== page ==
Mark Carney said that people had paid "a heavy price" for globalisation
The Bank of England governor Mark Carney has warned that those left behind by the financial crisis need more help.
Mr Carney said that people had paid "a heavy price" for globalisation but had come to associate it with low wages, insecure employment, stateless corporations and "striking inequalities".
He said: "Many citizens in advanced economies are facing heightened uncertainty, lamenting a loss of control and losing trust in the system.
"To them, measures of aggregate progress bear little relation to their own experience."
Mr Carney said that those anxieties had been made worse by the "twin crises of solvency and integrity at the heart of finance".
"When the financial crisis hit, the world's largest banks were shown to be operating in a 'heads-I-win-tails-you-lose' bubble; widespread rigging of some core markets was exposed; and masters of the universe became minions.
"Few in positions of responsibility took theirs. Shareholders, taxpayers and citizens paid the heavy price."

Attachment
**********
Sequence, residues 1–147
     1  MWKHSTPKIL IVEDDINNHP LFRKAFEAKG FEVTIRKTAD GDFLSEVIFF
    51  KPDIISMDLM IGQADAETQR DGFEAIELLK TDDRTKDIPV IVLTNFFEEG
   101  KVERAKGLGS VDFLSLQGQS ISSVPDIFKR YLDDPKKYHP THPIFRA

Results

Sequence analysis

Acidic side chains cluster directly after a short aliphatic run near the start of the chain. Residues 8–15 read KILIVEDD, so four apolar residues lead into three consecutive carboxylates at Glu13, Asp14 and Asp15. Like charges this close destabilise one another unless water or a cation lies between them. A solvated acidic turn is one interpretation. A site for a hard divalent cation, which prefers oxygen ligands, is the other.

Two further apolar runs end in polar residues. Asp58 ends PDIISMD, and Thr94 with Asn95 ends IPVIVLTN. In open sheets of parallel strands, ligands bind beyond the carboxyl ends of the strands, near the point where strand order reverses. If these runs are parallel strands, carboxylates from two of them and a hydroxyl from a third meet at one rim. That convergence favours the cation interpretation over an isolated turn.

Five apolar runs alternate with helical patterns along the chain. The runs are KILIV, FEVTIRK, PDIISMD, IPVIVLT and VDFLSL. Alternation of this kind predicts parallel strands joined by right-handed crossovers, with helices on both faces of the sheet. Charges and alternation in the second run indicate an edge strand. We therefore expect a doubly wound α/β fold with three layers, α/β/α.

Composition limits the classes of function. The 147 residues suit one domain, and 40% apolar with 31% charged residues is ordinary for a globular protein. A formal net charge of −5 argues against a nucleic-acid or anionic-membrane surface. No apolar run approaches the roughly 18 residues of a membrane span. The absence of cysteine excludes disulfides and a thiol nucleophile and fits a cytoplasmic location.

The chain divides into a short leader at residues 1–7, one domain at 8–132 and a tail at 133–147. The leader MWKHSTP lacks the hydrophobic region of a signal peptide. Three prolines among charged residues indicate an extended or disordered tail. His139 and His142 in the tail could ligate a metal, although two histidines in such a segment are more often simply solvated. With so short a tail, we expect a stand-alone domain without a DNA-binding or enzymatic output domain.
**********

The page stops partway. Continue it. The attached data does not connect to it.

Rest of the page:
But Mr Carney also said that monetary policy was not to blame for the problems, saying: "In the end, monetary policy isn't a spectre but a friendly ghost".
He implored the UK's politicians and central bankers to act urgently to stop people from losing faith in the system, adding: "Turning our backs on open markets would be a tragedy but it is a possibility."
In a speech given in Liverpool, Mr Carney went through a number of examples of the growing inequality in the UK.
Among them was what he described as a "growing disparity between older homeowners and younger renters".
He said that, while a typical millennial earns £8,000 (€9,500) less during their 20s than their predecessors, those over 60 have seen their incomes rise at five times the rate of the rest of the population since 2007.
Mr Carney also said that the country's leaders must "turn back the tide of stateless corporations", backing British Prime Minister Theresa May, who has said that companies must be rooted and pay tax somewhere.
In suggesting ways to fix the problems, Mr Carney said economists needed to acknowledge the challenges faced by the country, including the realities of uneven gains from trade and technology.